It seems almost unthinkable in the wake of 2003’s all-conquering Elephant, but Detroit garage-rock revivalists The White Stripes were still releasing records independently (via Sympathy For The Record Industry) as recently as 2001. Dipping into a batch of songs written over a four-year span and drawing on themes of love and betrayal, hope and paranoia, White Blood Cells might just be their finest release, with the likes of Dead Leaves And The Dirty Ground, Hotel Yorba and Fell In Love With A Girl pounding down amongst a 16-song tsunami of fuzz. Even unheralded deep cuts like the twangy Now Mary and spartan piano ballad This Protector drip with bluesy soul.
Despite not actually featuring the greatest song in the world, the self-titled debut from comedy rockers Tenacious D makes our Top 20. Named after NBA sportscaster Marv Albert’s term for “tenacious defence”, the duo (Jack Black and Kyle Gass) had been around since 1994, building a cult following and befriending legends like Pearl Jam, Tool and Foo Fighters. It was only after they signed with Epic Records, though, that they became superstars in their own right. Lead single Tribute was absolutely titanic, playing on loop on Kerrang! TV back in the day, but it’s credit to the overarching strength of the album that many fans of that generation can still recite broad passages of the likes of Wonderboy and Fuck Her Gently word-for-word today.
Maryland blues rockers Clutch were already becoming a legendary live band by the time they’d gotten to fifth LP Pure Rock Fury. Pouring that onstage expertise into the songwriting, along with shedloads of their particular tumbledown eccentricity, Neil Fallon and the boys were able to push on to a level of raucousness that surpassed even 1998’s esteemed The Elephant Riders. Clutch mightn’t yet have nailed the hit songwriting that would see them drop bangers like Electric Worry and The Mob Goes Wild over the next two decades, but the manic swagger and depthless grooves of Careful With That Mic… and Smoke Banshee flashed the genius that was already there.
As really, really, ridiculously good-looking as they were, Brandon Boyd and his Calabasas compatriots were more than just pretty faces. 1999’s Make Yourself was the breakout moment for Incubus, but rather than derivatively building on that established foundation, their 2001 follow-up was the sound of musicians with the shackles off, making the music they wanted to make – and pushing even further than before. Blending genres with an easy, sun-baked sense of verve and virtuosity, everything from hits like Wish You Were Here to deep cuts Circles and Just A Phase were the product of an outfit comfortably on top of their game.
Robert Bartleh Cummings – better known as Rob Zombie – was on the precipice of a proper mainstream crossover in 2001. His four albums at the helm of White Zombie and breakout 1998 solo offering Hellbilly Deluxe had brought him right to the brink. 2003’s directorial debut House Of 1000 Corpses, which would see his singular wrath extend onto the silver screen, was just around the corner. The Sinister Urge found him brimming with confidence, combining nu-metal bombast and pulsating industrial on songs like Dead Girl Superstar and Feel So Numb, while he even managed to get Ozzy to jump in for banging highlight Iron Head.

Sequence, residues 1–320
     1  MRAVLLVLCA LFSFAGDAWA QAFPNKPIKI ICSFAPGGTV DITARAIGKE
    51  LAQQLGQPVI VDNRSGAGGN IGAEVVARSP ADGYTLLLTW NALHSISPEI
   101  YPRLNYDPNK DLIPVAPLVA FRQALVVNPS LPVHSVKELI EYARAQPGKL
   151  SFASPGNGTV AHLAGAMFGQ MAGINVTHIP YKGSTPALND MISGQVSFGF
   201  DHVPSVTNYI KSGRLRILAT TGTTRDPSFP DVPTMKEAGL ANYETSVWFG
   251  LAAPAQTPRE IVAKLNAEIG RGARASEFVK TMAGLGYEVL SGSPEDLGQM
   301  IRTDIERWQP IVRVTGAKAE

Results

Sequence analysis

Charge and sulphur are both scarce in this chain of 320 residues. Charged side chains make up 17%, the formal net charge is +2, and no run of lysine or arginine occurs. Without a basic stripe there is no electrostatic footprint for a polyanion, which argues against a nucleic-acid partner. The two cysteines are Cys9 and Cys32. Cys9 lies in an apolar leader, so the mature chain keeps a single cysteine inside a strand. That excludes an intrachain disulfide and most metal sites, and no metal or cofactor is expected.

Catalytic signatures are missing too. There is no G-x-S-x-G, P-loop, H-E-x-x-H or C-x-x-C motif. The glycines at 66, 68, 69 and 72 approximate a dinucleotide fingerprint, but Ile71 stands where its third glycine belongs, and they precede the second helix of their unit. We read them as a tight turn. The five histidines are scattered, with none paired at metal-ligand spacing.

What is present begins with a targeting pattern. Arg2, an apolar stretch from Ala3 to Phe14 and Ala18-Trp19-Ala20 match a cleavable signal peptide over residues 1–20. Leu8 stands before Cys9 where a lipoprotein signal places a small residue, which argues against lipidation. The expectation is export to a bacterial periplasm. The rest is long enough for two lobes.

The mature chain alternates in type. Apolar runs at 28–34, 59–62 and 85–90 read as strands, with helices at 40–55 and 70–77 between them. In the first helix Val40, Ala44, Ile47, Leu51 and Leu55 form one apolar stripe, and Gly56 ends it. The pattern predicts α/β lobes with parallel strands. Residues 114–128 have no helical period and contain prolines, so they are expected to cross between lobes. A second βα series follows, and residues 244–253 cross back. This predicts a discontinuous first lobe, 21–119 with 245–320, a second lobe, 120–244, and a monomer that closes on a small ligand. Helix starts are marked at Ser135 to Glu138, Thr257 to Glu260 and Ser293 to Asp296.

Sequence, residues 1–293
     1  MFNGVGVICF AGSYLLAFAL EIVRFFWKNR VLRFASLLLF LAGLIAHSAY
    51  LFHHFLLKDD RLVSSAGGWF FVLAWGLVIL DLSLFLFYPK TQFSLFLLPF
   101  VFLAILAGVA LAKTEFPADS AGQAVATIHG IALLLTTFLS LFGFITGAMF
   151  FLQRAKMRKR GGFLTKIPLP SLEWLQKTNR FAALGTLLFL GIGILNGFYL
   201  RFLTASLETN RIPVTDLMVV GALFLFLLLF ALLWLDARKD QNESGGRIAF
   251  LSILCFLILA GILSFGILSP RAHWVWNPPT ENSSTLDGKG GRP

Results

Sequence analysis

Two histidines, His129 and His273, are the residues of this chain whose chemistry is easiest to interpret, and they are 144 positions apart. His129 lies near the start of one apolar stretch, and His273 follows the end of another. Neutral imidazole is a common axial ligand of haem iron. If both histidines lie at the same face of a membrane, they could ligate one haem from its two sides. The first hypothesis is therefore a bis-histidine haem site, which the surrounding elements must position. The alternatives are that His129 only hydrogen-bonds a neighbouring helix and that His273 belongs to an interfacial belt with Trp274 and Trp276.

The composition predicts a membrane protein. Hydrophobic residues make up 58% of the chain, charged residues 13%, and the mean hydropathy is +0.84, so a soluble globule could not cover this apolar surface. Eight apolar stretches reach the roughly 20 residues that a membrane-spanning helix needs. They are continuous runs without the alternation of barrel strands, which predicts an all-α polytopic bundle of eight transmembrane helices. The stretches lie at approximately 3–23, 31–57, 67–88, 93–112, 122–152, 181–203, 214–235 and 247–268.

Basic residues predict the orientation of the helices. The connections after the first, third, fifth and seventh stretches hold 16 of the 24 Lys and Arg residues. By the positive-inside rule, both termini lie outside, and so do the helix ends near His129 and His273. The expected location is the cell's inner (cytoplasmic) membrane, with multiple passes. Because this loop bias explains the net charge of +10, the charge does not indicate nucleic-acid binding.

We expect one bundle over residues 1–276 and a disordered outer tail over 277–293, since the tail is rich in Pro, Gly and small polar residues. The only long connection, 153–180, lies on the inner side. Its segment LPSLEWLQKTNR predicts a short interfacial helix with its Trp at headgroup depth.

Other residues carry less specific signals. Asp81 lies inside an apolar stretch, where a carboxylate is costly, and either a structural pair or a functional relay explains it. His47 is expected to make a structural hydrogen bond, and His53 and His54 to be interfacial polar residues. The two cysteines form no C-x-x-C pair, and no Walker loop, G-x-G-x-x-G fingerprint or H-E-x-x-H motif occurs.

Rumours swirled, in the months before its release, that the third album from Sacramento noisecore heroes Will Haven would be a two-part affair, with the raucous main disc accompanied by another of ambient, experimental material. The lean, mean, 10-track offering that eventually materialised was nothing of the sort, but it spoke volumes that no-one batted an eyelid. Such was the unpredictable, volatile reputation that Will Haven had generated: one more than matched in the strange, dissonant seven-and-a-half-minute sprawl of BATS and Dolph Lundgren’s muscular, yet defiantly sludgy assault.
They say that green is not a creative colour. Bollocks to that. Although, with time, 1996’s Pinkerton has been reappraised as Weezer’s finest record, its pained songwriting was not what many fans were looking for initially. Having taken much of that criticism to heart, and turning back to Ric Ocasek, the producer of ‘Blue’, their ‘Green’ album feels like Rivers Cuomo’s response. A breezy, melodic listen full of the fuzzy guitars, harmonised vocals and the same lyrical self-deprecation that’d made them massive in the first place, more sophisticated critics would see a regressive insubstantiality here, but tracks like Hash Pipe and Island In The Sun still pack an irresistible earworm quality.
‘New Year's Eve was as boring as heaven,’ Matt Skiba cries on Private Eye, the outstanding opening track to Alkaline Trio album number three. ‘I watched flies fuck on channel 11 / There was no-one to kiss / There's nothing to drink / Except some old rotten milk someone left in the sink.’ The Chicago goth-punks were already a known force following 1998’s Goddamnit and 2000’s Maybe I’ll Catch Fire, but it was the more polished pitch black pop-punk of From Here To Infirmary that made them stars. Perfecting the interplay between co-vocalists Matt and Dan Andriano (this would be the only album with stop-gap sticksman Mike Felum), tracks like Mr Chainsaw, Stupid Kid and that classic opener introduced the masses to Trio’s irresistibly caustic sonic cocktail.